Bring all corruption cases to court without delay, says C4 Center

File photo of Executive Director of C4 Cynthia Gabriel, Pushpan Murugiah and Dr Edmund Terence Gomez who jointly authored the “PFI: The Search for Accountability” report made public last month.

KUALA LUMPUR, Sept 2 – Commending the judiciary over the recent bold decisions to convict former prime minister Datuk Seri Najib Razak and his wife Rosmah Mansor on corruption charges, the Center to Combat Corruption and Cronyism (C4 Center) today called for all corruption cases to be fast-tracked and deliberated in trial without delay.

In a statement issued today, C4 Center also called for the establishment of special anti-corruption courts in addition to providing judges specialised training to preside over complex corruption cases.

Saying that the verdict of guilt on both the cases of Najib and Rosmah were assertions that corruption is a heinous crime, it also urged the government to fast track anti-corruption reforms and the establishment of independent institutions as per the National Anti-Corruption Plan.

“These decisions by the judiciary have reaffirmed the rule of law and that it prevails against those that only seek to serve their self-interests. It should serve as a rallying call for the government to reform the corrupt system and reinstate reforms and measures that would eliminate abuse of power and minimise the likelihood of cases like these recurring. 

Rosmah on Thursday was found guilty of soliciting RM187.5 million from former Jepak Holdings Sdn Bhd managing director Saidi Abang Samsudin as an inducement for the latter’s company to secure a RM1.25 billion solar hybrid energy project for 369 rural schools in Sarawak. She was also found guilty for two counts of receiving bribes amounting to RM5 million and RM1.5 million from Saidi between April and August 2016. A week back, Najib failed in his final appeal against his 2020 conviction of corruption and abuse of power in the SRC International case at the Federal Court. He is currently serving a 12-year jail sentence.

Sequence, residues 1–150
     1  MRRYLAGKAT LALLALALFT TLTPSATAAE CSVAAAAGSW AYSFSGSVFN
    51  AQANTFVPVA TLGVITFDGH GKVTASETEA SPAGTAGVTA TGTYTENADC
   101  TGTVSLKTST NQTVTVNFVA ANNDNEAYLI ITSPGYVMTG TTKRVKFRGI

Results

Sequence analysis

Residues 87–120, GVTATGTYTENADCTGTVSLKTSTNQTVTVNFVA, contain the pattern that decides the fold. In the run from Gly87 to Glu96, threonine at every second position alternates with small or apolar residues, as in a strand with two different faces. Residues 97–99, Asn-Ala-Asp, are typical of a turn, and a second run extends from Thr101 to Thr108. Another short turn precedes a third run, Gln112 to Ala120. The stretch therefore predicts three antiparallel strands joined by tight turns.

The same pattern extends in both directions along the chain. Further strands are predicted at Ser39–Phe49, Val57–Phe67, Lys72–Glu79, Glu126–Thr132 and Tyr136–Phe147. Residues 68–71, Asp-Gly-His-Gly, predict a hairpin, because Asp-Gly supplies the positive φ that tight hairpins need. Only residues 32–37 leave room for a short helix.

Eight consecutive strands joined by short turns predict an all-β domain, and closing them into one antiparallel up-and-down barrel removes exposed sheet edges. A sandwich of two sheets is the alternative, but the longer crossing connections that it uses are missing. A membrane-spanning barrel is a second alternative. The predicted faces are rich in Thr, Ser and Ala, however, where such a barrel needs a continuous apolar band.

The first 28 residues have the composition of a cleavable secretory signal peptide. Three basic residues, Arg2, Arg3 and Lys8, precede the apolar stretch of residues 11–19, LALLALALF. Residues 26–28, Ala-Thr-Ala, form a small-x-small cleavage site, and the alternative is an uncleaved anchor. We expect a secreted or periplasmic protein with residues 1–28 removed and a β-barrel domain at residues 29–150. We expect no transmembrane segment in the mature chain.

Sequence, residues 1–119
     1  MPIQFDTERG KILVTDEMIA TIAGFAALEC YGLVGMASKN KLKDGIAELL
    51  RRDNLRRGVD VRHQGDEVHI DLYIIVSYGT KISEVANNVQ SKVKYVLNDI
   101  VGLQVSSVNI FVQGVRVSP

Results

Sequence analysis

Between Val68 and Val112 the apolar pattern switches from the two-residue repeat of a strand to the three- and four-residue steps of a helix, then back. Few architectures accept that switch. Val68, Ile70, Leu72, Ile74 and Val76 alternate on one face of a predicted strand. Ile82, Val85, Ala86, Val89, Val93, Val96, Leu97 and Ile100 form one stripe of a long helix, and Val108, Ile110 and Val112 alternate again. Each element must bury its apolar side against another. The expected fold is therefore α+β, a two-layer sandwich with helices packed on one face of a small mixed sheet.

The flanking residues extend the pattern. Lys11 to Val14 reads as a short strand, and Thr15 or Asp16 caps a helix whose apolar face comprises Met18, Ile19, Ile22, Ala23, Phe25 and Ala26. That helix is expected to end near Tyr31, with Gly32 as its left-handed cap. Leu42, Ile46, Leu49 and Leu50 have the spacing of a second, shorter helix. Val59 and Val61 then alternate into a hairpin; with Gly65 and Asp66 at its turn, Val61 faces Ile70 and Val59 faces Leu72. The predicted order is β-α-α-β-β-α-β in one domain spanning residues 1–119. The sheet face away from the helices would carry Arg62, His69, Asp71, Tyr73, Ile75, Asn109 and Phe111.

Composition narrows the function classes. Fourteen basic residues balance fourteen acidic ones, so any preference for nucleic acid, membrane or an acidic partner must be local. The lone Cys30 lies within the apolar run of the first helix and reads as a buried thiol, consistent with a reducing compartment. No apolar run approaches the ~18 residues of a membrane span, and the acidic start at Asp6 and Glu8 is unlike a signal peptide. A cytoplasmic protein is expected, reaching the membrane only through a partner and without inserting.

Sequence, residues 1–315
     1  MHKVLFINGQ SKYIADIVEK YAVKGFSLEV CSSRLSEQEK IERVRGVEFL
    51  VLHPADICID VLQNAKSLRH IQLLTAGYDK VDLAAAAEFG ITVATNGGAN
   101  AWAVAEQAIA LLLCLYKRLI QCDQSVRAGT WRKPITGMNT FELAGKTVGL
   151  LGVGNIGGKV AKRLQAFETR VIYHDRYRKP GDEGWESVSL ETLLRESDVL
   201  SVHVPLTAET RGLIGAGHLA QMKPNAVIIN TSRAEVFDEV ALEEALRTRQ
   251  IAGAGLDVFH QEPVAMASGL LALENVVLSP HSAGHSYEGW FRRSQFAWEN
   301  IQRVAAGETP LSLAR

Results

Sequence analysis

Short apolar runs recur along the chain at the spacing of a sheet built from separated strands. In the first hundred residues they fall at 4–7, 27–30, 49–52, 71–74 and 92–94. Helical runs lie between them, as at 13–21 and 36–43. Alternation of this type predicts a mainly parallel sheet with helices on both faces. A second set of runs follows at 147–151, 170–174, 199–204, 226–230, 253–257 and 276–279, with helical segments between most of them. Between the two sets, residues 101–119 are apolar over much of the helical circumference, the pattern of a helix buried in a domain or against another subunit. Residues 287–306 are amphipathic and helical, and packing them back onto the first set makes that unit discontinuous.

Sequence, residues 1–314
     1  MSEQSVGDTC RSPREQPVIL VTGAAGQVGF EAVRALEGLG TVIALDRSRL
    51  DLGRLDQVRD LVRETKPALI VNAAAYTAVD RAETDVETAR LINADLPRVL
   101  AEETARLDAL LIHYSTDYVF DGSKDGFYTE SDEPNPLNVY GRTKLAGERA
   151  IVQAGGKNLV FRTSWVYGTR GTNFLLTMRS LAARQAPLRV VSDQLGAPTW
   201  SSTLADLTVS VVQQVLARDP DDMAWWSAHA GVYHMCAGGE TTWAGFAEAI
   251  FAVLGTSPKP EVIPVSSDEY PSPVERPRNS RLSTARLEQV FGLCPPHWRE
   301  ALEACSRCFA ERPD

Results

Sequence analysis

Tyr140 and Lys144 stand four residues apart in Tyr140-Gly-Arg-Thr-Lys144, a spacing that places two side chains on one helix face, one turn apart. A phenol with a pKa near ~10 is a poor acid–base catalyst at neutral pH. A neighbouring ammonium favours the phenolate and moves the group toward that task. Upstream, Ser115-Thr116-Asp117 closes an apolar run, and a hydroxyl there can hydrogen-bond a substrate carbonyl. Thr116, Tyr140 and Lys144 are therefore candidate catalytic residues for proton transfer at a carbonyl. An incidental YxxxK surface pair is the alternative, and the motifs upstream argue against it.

C4 Center said it has long called for the processes in procurement and private contracting of large projects to be made transparent and open to scrutiny.

“The risk of corruption taking place on such a large scale could have been minimised if checks-and-balances were put in place such as implementing an open tender process, publicly justifying the deliberations behind why only certain entities are chosen for a project or investment, and making the accounts publicly accessible.

“The recent rulings by the judiciary over powerful personalities involved in high-profile cases and related scandals send a strong message for the need to reform a rotten system and also signals the coming of a zero-tolerance attitude towards corruption that the institutions of many other nations have adopted.”

C4 Center also reminded the government that Malaysia has a National Anti-Corruption Plan (NACP) that puts forward recommendations for reforms including a Procurement Act, stronger Whistleblower Protection Act, and a Parliamentary Ombudsman, all of which are necessary to tackle corruption from all sides and most importantly, to prevent offences related to corruption from taking place to begin with. 

“All institutions must act in tandem in order to stamp out the ever-growing weeds of corruption from taking root,” it added.

— WE